14. XML and Schema • Note that there are two parts to what we did • Defining the “structure” layout • Defining an “instance” of the structure • The first is done with an appropriate Schema or DTD. • The second is the XML part • Both can go in the same file, or an XML file can refer to an external Schema or DTD (typical) • From this point on we use only Schema

  15. XMLSpy

  16. XMLSpy • Excellent tool for both learning and developing XML. • Many XML books contain free 90-day license. Otherwise, free 30-day license on web page for professional and totally free home edition • Try to use XMLSpy to create example just covered.

  17. Aspects of XML syntax • It is illegal to omit closing tags • XML tags are case-sensitive • XML elements must be properly nested • XML elements must have a root element • XML preserves whitespaces • XML comments: < -- This is a comment -- >

  18. How is XML Useful Part I Simple Mortgage Calculator

  19. Mortgage payment calculator • Design a simple application which does the following: • Accepts user input • Loan amount • Loan term • Interest rate • Extras (assessments + taxes) • Returns per-month table of • total payment • interest • Principal • Some other fun stuff

  20. Mortgage Calculator General Requirements • Must be • Clean simple interface (easy) • Remotely accessible with security • Portable • Not require too much installation on the part of the user • Sufficiently fast not to be embarrassing

  21. Some possible architectures • Web server • Server-side scripting with pure html • Server-side scripting with html+javascript • Server-side scripting with html+applet • Direct connection • Raw sockets • Distributed objects

  22. Initial architecture • Front-end: pure html form • Back end: python cgi (similar to java servlet) • Python generates web page dynamically after making calculations • No use of higher-level web generation libraries at this point • What are advantages/disadvantages of this architecture? • Run application: • http://masters.cs.uchicago.edu/~asiegel/courses/cspp53025/caseStudies/mortgage

  23. Disadvantages • Two obvious disadvantages are: • Formatted web content in print statements low-level, ugly error prone • Data is not decoupled from formatting. What if we want to switch to an application client? • Several strategies can help with both of these (higher-level htmlgen libraries, server-side scripting model, beans, etc.) and XML • We will look at how XML fits in

  24. XML-based architecture web browser “hand-rolled” XML WebServer http File system python CGI “hand-rolled” XML XML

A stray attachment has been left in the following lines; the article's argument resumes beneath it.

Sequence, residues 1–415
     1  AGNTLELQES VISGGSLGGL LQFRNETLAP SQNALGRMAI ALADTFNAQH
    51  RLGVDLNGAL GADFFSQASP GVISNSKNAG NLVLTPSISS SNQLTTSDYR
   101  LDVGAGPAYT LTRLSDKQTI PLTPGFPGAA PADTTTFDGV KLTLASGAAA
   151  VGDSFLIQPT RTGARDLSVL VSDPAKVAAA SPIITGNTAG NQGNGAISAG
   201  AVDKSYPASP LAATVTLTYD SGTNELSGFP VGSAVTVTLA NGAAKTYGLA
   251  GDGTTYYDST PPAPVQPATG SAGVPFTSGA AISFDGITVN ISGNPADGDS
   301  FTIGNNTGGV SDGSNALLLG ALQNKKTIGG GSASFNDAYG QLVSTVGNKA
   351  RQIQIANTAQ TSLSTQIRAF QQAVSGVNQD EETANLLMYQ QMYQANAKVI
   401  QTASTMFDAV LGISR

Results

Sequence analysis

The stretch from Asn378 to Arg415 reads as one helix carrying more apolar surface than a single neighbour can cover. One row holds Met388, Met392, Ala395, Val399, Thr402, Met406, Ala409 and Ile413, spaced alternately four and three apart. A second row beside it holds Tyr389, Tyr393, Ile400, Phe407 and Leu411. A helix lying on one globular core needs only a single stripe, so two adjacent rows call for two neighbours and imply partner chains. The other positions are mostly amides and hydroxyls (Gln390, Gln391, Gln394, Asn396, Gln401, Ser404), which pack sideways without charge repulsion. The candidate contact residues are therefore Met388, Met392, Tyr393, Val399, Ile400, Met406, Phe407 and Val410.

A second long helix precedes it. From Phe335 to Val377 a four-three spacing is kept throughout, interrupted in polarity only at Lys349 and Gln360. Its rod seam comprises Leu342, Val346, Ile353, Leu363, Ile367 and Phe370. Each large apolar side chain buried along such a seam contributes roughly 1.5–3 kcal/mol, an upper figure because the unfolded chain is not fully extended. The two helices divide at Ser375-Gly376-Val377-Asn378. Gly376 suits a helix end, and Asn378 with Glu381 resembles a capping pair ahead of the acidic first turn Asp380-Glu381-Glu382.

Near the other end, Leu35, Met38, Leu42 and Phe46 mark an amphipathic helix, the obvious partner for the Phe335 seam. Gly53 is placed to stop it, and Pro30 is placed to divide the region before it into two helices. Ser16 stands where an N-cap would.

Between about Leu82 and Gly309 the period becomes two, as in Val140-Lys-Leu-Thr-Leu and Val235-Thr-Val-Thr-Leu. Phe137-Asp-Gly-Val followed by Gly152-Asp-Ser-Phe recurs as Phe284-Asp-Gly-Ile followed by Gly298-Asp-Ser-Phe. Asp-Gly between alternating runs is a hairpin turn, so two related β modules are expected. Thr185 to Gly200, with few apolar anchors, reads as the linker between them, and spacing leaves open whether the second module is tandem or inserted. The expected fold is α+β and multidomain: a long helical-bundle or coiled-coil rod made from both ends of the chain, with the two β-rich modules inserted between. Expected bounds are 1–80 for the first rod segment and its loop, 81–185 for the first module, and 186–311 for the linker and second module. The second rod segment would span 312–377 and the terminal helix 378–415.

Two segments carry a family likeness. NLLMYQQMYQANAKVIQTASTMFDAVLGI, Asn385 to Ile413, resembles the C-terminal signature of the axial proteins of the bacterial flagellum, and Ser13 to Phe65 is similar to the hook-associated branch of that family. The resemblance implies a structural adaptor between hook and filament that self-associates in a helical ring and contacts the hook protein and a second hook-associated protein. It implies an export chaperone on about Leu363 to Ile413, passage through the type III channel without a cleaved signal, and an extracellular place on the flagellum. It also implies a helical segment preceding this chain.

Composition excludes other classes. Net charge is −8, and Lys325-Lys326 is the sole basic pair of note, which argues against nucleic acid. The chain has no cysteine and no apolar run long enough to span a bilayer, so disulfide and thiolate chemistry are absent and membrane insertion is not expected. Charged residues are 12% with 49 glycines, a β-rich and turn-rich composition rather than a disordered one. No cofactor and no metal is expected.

25. Observations/questions • What does browser do with XML? • Can it display • Does it even understand XML? • If not, what good is this? • Do we have to hand roll our programming language objects from XML?

  26. Some answers • Regarding first point, try this with your web browser • Note that XML is displayed/formatted nicely, but not nearly to the same level of utility as the html table • To add formatting instructions, we must associate a separate XSL file with the XML file. We will study XSL soon. • Regarding XML-language conversion, we will study language binding for various high-level ways of doing this! For now, we will hand-roll ourselves!

  27. XSL • We will not cover details of XSL until the third week. • However, for now we can easily create XSL at a high level using XMLSpy • See example application

  28. Lottery application

  29. Lottery overview • Given a list of student members of a dormitory, perform an ordered randomized sort of the students to determine a room draft order.

  30. Lottery details • Students are defined by • Last name • First name • Seniority • Quarters in the House • Quarters in the College • The sort keys are • Quarters in House • Quarters in College • Random

  31. Software requirements • Secure login • House name • Password • Remotely accessible • Prototypes: • Standalone excel • Web-based

  32. Architectural requirements filesystem XML Login Info login Web Client Web Server XML XML Student Data XSL lottery

  33. Next Step • Implement Lottery as specified • You must have the following: • Student Schema • Password Schema • Sample student xml • Sample password xml • Simple XSL for display